It's a marquee night for President Donald Trump, who was scheduled to deliver his first remarks to a joint session of Congress on Tuesday. It has been talked about as a State of the Union address, but technically that's not a correct designation for the speech.
The address might seem like a State of the Union speech because it was expected to detail Trump's vision for America and ring a bit more optimistic than the president's usual messaging. Trump's own camp sent an email to supporters Monday with the subject line simply reading "State of the Union."
"Before President Trump delivers his biggest speech to date, he wants you to provide your input on the direction of our country," it read. "He is taking the podium to voice your concerns, thoughts, and opinions about the state of our nation, and more importantly, to lay out a bold plan for our future as Americans."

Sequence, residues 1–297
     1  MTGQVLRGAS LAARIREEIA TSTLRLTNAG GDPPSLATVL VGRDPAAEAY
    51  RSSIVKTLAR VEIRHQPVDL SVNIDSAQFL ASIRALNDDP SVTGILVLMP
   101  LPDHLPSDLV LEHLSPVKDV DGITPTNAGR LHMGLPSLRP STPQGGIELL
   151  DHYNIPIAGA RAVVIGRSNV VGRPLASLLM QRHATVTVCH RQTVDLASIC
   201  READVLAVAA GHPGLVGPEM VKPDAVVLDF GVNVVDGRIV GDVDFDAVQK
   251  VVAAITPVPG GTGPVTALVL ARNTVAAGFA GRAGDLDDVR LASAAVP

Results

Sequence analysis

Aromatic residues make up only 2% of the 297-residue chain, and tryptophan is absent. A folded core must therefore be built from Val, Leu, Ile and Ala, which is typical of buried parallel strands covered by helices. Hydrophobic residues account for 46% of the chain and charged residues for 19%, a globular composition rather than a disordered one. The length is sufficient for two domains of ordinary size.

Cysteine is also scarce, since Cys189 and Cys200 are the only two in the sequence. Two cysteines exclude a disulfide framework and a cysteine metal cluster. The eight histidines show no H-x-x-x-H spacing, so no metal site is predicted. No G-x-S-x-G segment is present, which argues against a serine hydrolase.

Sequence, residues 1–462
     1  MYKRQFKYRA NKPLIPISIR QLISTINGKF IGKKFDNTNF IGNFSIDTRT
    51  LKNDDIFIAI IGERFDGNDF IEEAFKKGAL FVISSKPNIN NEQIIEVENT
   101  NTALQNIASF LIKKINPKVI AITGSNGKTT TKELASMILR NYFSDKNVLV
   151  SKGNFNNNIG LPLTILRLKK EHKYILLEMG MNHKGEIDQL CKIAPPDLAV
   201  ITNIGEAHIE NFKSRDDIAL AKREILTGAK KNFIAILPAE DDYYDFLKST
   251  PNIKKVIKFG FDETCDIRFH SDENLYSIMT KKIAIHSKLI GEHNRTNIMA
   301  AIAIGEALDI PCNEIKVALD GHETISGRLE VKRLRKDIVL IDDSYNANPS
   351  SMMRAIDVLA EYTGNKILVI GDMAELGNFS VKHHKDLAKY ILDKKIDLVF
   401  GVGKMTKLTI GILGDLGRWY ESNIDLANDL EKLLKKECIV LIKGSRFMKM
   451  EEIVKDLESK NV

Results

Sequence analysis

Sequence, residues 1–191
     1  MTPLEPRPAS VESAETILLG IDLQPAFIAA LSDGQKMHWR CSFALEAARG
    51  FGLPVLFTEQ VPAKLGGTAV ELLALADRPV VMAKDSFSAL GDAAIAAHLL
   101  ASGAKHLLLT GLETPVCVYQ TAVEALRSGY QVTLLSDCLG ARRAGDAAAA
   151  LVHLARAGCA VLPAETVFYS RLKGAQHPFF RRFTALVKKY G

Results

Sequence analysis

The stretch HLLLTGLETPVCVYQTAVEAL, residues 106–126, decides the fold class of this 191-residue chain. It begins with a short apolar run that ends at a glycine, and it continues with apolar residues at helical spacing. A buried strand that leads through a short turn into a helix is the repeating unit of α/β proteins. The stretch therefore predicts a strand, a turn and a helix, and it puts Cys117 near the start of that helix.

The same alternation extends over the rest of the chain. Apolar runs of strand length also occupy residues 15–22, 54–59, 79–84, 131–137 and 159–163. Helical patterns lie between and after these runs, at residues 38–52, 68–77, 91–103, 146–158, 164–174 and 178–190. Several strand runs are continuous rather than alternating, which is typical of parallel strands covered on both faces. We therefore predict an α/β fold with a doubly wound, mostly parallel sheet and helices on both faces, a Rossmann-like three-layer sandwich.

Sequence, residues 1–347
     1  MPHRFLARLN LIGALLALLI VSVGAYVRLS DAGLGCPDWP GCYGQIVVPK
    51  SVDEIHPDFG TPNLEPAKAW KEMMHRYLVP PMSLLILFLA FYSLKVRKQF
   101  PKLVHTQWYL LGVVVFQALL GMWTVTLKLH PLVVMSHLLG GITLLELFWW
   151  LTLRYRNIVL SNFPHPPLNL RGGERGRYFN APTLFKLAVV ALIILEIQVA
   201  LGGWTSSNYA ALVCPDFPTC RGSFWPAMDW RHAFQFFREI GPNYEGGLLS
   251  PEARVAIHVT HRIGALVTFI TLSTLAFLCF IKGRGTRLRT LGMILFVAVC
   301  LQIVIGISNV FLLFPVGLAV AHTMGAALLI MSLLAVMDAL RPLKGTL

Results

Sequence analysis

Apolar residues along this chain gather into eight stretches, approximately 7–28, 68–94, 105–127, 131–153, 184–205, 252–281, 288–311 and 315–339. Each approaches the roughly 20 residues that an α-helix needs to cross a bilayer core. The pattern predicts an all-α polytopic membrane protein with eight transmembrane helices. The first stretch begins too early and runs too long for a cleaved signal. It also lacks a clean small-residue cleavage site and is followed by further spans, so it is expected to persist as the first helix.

Regardless, Trump's speech remained an address to a joint session of Congress because the president must be invited to give an official State of the Union speech, which traditionally takes place after a full year in office.
The tradition came from the Constitution, which stated that the president "shall from time to time give to the Congress information of the state of the union, and recommend to their consideration such measures as he shall judge necessary and expedient."
The Speaker of the House, however, invites the president to deliver speeches and determines what the address should be called. As such, House Speaker Paul Ryan invited Trump to "address a joint session of Congress," even if it will look, sound and feel like a State of the Union speech.
There has long been a State of the Union address, but former President Ronald Reagan, a Republican icon, started the tradition of delivering a speech about one month into an administration. The speech was dubbed "Address Before a Joint Session of the Congress on the Program for Economic Recovery."
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